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In the Criminal Law, automatism is a defense to liability. Except in the case of strict liability offences, a crime must contain two elements: the actus reus or "guilty act", and the mens rea or "guilty mind". This defense seeks to prove that the criminal defendant made only physical movements and did not "act" as required to prove the actus reus. The term describes movements that are characteristic of an automaton, i.e. a machine that moves.

The criminal defendant is charged because he or she was involved in a situation where consequences prohibited by law occurred. The substance of the defense is that the accused should be excused from liability because these consequences resulted from movements that were not within the defendant's control, such as reflexes, or movements made while sleepwalking. All the other conditions raised as defenses relate to the mens rea element, e.g. the defense of drunkenness claims that the accused could not form the mens rea, a mistake of fact, if of sufficient substance and honestly held, would give the accused a non-criminal set of intentions, etc. Automatism is the only defense that excludes liability by negating the existence of the actus reus which uniquely allows it to be a defense to both conventional and strict liability offences.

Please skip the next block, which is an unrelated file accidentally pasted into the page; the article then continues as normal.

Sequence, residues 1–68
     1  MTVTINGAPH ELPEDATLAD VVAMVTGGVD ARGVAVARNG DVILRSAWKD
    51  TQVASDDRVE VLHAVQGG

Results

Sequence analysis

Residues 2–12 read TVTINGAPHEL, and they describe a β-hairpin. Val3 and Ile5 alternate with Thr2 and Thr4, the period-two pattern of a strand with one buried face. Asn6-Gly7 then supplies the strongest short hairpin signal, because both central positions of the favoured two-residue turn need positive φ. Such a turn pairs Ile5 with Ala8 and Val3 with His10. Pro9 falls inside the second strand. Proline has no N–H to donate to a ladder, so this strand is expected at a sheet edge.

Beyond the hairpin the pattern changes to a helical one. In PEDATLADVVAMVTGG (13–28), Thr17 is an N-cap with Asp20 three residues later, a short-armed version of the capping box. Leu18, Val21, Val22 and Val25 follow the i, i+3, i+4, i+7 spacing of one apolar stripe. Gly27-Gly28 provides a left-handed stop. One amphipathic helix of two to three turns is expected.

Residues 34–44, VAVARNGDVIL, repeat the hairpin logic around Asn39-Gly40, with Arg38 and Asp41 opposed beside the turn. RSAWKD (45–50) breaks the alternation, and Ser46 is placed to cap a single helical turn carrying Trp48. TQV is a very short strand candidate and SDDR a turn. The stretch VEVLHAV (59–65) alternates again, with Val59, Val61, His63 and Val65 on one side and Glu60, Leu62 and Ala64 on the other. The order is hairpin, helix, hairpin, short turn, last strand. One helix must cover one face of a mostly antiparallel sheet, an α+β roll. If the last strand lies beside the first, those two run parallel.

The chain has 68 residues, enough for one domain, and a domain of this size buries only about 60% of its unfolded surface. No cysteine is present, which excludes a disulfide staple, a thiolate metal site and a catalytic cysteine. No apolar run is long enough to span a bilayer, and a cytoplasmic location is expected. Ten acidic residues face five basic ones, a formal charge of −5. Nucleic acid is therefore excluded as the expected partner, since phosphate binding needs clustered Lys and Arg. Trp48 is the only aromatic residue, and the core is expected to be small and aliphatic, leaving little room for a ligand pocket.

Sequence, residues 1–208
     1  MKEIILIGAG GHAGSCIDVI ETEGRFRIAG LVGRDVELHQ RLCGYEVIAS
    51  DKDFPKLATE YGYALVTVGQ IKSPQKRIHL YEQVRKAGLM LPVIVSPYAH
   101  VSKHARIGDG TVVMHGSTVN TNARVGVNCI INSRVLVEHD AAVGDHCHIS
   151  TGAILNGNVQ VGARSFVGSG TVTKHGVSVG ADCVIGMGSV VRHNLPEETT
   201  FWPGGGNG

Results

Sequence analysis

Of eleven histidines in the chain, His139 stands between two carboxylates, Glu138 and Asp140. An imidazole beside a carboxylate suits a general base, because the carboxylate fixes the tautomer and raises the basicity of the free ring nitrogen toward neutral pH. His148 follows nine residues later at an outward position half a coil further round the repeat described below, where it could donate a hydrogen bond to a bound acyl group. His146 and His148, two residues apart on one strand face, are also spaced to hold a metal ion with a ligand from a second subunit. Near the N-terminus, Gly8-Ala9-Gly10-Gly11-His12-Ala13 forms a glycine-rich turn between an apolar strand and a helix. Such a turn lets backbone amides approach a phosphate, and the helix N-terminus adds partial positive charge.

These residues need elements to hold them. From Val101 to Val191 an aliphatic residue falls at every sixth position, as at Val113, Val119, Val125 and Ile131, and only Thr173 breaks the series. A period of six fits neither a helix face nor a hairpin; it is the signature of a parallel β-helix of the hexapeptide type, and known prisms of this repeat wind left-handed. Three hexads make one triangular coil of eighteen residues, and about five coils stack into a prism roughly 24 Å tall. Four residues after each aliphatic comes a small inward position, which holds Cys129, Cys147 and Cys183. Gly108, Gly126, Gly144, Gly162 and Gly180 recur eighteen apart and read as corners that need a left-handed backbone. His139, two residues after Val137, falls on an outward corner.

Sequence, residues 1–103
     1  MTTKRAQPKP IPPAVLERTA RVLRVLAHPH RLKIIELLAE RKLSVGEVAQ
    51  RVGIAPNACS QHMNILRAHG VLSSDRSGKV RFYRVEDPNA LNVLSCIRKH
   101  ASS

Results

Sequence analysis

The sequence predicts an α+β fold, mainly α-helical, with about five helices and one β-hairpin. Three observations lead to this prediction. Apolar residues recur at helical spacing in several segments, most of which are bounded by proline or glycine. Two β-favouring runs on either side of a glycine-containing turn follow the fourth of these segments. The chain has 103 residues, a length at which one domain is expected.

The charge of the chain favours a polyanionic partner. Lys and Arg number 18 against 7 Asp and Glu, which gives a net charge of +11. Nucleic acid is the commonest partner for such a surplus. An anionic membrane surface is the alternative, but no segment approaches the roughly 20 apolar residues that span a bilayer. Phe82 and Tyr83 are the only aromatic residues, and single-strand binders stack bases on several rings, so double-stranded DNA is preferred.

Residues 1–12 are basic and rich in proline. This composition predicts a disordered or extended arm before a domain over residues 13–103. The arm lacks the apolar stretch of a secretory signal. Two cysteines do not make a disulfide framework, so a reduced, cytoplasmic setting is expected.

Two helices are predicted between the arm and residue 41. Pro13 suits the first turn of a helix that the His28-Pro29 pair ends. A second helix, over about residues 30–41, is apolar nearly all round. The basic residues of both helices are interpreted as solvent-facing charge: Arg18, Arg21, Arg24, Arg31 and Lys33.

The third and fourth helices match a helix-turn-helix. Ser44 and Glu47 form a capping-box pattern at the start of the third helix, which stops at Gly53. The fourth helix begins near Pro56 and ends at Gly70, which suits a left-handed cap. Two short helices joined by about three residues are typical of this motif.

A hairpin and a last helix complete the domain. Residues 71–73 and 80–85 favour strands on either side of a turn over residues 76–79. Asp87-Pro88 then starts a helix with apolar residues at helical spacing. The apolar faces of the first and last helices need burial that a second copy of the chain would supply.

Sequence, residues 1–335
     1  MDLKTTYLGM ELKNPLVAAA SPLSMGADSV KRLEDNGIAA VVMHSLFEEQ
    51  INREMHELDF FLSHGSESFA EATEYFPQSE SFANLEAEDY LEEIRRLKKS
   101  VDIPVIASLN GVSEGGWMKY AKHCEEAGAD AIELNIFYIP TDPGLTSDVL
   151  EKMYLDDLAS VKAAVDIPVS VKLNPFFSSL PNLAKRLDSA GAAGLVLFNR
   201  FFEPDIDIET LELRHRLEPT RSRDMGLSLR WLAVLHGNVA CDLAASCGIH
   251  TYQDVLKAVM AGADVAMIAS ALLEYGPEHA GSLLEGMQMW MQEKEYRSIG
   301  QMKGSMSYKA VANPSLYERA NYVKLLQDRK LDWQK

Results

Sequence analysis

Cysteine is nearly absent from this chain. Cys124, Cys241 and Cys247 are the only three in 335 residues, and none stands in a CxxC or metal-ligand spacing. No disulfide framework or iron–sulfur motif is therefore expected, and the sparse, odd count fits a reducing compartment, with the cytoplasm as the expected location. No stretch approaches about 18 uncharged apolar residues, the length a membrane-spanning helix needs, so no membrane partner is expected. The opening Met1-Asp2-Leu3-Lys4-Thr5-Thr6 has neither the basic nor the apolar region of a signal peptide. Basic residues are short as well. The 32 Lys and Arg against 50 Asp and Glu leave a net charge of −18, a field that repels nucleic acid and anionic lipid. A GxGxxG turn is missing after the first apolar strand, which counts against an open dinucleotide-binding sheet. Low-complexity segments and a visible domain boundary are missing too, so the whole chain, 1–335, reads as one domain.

For example, Homicidal somnambulism.



In order to find a criminal guilty, the prosecution must be able to show that the accused "committed" an actus reus. The literal translation of this Latin term is "guilty act" although, for the purposes of the law, both actions and omissions can be criminalised. It is therefore necessary to consider what constitutes an action in law. For these purposes, the word "action" is taken to include both acts and omissions.



The simple definition would be a "willed and voluntary muscular movement". But this reference to "muscular" movements does not match everyday experience. If asked what muscles are involved in standing up, only a very few individuals with detailed medical training would be able to give a comprehensive answer. Most people have no idea which individual muscles are being used in achieving a particular result. Hence, a better definition of an action would be "a set of movements that represent an act of will". When people move, they have needs and intentions, and the movements they make are designed to satisfy the needs and fulfil the intentions. To that extent, therefore, the body must mirror the mind to constitute an action. This is not the same test as for mens rea, but simply a two-stage test:

  1. to ensure that nothing is interfering with the ability of the mind to control the way in which the body is moving; and
  2. that the loss of control that occurred was not foreseeable and therefore not preventable.


As to an omission, the test is the same as for an "action" to determine whether, at the material time, the failure to move was under the control of the mind. Hence, if a person suffers an attack of cramp and is therefore unable to move at a critical point in time, this could theoretically fall within the scope of the defense. But, in the real world, there are usually symptoms preceding the attack which should alert the ordinary person to the possibility of an attack. If that person was engaged in a safety-critical activity and knew that control might be lost, the defense will be denied if that person failed to take due precautions.